Alright, say some Government figures privately. But Prof Fancy Pants doesn’t have to get elected. He doesn’t have to knock on doors in Donnycarney or Tuam or Boherlahan and justify his decisions, where the audience is less interested in macro-economic stability than it is in the winter fuel allowance or the USC or the fact that the local school is housed in prefabs.
And this is true. In fact, it is a devastating truth about democracy: the political market for good government – which disciplines itself, looks to the long term and meets current needs sustainably – is at best deeply uncertain.
Ireland is not unique in this. But having experienced three profound economic crises in the last 40-odd years, we are clearly more than routinely susceptible to a form of economic mismanagement that expands public spending in response to political demands, and then has to subsequently reduce spending in a painful and socially damaging way.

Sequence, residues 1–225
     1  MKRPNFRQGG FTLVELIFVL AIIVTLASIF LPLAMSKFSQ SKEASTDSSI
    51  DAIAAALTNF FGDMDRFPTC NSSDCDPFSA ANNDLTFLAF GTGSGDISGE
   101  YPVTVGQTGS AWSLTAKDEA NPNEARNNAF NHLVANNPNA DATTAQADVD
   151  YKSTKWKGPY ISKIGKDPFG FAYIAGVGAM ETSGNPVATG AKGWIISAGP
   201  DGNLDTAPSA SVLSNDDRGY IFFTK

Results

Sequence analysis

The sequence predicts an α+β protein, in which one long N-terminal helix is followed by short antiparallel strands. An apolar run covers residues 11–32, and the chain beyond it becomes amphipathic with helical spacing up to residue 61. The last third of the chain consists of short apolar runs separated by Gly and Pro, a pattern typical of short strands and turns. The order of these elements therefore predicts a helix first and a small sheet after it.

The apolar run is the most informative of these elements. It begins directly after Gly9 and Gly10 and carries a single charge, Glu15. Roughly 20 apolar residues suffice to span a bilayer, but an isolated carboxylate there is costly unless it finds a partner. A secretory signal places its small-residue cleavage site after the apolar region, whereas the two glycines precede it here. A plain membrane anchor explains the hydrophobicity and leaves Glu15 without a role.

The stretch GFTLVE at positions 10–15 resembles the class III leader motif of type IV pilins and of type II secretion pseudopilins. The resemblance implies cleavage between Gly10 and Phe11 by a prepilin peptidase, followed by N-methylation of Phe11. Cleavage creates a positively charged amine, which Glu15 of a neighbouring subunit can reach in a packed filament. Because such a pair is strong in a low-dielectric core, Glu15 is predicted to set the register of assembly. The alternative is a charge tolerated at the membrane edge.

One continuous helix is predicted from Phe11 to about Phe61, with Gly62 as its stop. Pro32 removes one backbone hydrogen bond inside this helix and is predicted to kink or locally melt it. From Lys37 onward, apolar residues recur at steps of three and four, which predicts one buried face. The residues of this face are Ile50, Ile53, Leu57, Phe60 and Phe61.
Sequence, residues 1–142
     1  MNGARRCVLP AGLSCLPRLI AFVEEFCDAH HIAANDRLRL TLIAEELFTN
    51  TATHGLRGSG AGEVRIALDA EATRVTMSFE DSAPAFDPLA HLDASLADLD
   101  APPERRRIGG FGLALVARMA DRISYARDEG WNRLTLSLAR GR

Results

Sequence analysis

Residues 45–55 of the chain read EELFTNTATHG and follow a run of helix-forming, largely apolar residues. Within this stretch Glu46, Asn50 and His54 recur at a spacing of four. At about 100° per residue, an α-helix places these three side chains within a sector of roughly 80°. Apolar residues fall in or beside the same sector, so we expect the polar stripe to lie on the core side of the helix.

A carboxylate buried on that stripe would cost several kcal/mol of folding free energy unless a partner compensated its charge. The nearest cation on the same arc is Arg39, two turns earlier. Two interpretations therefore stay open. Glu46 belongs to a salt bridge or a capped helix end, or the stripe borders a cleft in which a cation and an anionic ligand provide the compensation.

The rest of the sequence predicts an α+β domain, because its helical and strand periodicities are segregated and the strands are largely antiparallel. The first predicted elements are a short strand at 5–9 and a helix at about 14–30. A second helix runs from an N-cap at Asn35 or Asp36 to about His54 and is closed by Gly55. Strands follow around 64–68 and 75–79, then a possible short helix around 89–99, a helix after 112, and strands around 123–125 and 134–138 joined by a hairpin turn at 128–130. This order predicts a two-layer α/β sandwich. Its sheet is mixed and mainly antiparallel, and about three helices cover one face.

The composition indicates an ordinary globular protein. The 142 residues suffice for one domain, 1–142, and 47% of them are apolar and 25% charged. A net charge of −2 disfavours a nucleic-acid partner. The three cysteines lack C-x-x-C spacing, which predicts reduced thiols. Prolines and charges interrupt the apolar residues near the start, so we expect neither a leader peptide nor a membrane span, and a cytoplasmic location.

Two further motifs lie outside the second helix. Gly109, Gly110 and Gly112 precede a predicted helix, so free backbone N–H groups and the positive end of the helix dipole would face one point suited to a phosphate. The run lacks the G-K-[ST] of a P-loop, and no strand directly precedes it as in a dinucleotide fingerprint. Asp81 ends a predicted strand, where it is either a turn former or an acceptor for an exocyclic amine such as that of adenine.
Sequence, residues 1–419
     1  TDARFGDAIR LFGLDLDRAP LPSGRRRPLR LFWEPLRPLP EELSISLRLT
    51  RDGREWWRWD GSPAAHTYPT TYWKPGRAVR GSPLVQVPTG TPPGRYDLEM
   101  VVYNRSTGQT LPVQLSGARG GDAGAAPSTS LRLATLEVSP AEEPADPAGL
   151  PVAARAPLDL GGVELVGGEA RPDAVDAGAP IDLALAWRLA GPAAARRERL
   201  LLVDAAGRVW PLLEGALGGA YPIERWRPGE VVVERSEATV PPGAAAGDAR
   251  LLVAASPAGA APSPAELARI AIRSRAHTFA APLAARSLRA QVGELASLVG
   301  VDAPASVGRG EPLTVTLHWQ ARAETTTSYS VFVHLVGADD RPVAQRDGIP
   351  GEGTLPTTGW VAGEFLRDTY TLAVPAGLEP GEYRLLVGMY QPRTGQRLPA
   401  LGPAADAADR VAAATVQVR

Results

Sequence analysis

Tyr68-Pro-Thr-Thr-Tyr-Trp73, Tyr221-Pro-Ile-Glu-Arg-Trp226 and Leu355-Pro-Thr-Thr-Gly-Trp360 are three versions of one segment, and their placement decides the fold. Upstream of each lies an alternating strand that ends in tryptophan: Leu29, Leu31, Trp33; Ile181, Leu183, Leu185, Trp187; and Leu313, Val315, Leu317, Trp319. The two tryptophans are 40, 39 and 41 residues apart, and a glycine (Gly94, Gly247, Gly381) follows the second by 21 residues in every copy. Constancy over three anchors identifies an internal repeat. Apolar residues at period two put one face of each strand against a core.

Why does this happen? Partly, I think, it’s because politicians are so desperate to please people.
The Irish political system has many faults, but remoteness from voters is not one of them. The accusations about political elites being removed from the concerns of ordinary people is one that may be levelled in many polities (in both the poorest ones and the richest ones) but it’s a nonsensical one in Ireland, despite its frequent airings.
Any Irish politician who became cut off from the concerns of ordinary voters would end up losing his or her seat. Irish voters demand proximity, familiarity and responsiveness from their politicians. The ones who don’t keep in touch don’t keep their seats.
This is not an abstract observation. It goes to the heart of the debate over budgetary policy. It is one of the central problems in how we do politics and how we talk about it.
How many times have you heard a politician berated on radio for failing to meet social needs in health, housing or education? How many times have you heard the same presenters berate the same politicians for their failure to manage the public finances sensibly?